B. The location of nucleicacids can be determined by ultraviolet photomicrography.  This method is based on the fact that no other protoplasmic conostituents absorb uv light at 260nm.

C. Tissue section may be examined before and after treatment with enzymes such as ribonuclease and deoxyribonuclease.  The enzyme DNase  or RNase  may be used in conjugation with basic dyes such as Unnapappenheim mixture(mixture of pyronine and methyl green ) when the tissue section is incubated with aqueous solution of the enzyme, basophilic granules in the cell cytoplasm took pyronine and the chromatin component stained by methyl green.  So, it appeared green in color.


Separtation of nucleicacid achieved in three steps.  They are 

a.  Cell disruption

b. Crude separation

c. Purification

a. Cell disruption: 

The disruption of cell may be brought about by any of the following methods such as alternate thawing and freezing of cells, subject the cells to an osmotic shock, treatment of the cells with detergents like SDS or treatment of the cells with enzymes like lyzozyme, hyaluronidase etc.,. For the isolation of nucleic acids, the last two methods are preferred.

b. Crude Separation:

After the disruption of the cell, the suspension subjected to centrifugation and nucleic acid separated from associated protein.  Using phenol or repeated treatment with chloroform isoamylalcohol or chloroform octanol mixture, achieves this.  Protein may be removed by digestion with enzyme such as protease, which digest proteins to amino acids.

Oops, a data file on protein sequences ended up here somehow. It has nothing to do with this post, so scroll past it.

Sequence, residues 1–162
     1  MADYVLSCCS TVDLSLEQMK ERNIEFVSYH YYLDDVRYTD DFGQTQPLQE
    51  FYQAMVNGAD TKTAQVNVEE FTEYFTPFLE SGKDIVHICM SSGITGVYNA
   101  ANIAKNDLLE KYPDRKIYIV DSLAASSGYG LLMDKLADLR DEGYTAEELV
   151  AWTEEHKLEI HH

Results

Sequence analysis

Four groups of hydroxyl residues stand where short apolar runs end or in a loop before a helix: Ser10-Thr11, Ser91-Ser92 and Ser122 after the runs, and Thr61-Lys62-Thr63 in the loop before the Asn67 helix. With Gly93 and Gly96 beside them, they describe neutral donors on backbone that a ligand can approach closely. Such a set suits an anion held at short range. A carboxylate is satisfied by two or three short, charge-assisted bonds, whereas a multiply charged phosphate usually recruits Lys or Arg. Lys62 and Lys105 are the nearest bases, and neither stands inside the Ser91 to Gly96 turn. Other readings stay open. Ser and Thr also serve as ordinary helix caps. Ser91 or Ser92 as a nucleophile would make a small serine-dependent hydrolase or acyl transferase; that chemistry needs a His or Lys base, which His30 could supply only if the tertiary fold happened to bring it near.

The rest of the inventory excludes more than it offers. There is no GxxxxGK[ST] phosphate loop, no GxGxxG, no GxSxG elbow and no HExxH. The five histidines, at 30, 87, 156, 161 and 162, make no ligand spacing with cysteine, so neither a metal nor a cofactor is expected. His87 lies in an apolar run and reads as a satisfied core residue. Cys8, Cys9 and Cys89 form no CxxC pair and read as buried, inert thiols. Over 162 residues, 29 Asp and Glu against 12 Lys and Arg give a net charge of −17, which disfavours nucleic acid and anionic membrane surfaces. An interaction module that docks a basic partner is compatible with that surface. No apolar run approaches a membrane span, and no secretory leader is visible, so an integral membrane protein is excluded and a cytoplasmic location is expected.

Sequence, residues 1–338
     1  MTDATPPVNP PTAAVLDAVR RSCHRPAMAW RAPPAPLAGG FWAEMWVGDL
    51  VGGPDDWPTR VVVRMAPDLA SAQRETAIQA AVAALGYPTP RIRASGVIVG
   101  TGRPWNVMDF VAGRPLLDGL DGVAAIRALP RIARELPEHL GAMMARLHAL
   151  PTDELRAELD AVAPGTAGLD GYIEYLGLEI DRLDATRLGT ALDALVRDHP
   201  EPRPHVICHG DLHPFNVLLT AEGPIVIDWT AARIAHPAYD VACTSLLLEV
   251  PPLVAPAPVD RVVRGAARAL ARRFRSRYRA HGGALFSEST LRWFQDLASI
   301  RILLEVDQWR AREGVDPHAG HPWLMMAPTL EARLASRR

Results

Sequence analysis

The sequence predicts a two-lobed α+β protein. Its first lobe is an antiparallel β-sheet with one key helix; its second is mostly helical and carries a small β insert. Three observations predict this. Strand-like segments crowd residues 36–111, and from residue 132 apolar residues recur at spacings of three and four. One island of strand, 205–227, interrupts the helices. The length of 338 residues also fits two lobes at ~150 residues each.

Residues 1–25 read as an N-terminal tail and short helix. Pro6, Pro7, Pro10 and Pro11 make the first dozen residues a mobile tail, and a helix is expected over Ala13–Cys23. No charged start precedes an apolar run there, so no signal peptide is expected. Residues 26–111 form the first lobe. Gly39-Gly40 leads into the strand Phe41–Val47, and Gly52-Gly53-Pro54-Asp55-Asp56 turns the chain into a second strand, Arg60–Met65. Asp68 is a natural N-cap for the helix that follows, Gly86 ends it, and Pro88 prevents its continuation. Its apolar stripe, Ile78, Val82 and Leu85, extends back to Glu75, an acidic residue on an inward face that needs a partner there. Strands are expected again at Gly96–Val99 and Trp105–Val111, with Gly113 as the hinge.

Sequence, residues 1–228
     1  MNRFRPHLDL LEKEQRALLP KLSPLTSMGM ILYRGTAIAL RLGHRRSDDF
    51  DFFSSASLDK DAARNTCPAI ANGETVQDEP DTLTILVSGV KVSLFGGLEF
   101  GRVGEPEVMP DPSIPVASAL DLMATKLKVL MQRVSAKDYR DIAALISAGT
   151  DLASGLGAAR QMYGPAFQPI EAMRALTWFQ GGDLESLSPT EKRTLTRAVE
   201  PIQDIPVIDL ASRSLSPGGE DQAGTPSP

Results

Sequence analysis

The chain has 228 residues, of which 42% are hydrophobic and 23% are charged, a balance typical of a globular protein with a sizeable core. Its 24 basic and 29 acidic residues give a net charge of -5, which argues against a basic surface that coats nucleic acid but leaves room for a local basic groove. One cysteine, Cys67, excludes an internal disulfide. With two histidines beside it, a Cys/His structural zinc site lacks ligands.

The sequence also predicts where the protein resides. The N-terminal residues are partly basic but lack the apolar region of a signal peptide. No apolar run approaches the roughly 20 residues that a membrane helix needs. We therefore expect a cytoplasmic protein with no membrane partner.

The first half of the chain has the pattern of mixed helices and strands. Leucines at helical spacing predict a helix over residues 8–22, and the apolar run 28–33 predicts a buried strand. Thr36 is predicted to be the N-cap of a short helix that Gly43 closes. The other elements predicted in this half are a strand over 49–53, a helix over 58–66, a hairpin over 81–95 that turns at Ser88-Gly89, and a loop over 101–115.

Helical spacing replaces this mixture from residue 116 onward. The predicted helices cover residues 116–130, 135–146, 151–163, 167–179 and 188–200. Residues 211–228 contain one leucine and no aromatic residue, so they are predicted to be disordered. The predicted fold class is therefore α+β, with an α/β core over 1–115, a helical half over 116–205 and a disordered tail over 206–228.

Cesium chloride centrifugation is an excellent an of removing RNA and proteins in the isolation of DNA.  The density of DNA is typically slightly greater than 1.7g/cm3, while the density of RNA is more than 1.8g/cm3. Proteins have densities less than 1.3g/cm3. In cesium chloride solutions of appropriate density during centrifugation the DNA bonds present near the center of the tube, RNA pellets to the bottom and the proteins float near the top.  Single stranded DNA is denser than double helical DNA.

In the case of DNA isolation done directly from the nuclear fraction which is obtained upon centrifugation.  While in the case of RNA, certain modifications are employed depending upon the type of RNA to be isolated.  Source for isolation varies for different type RNA ex: rRNA ribosomal fraction, mRNA  polysomes, tRNA cytoplasmic fraction.




c. Purification:

The purification of nucleic acid is based on principles, which depend on differences in

a. Molecular size

b. Secondary structure

c. Base composition

a) Molecular Size:

Gel filtration on columns of dextran derivatives may be used for the separation nucleic acid.  Gel filtration using play ethyl amide may also be used.  Cesium chloride density gradient also used for purification of DNA.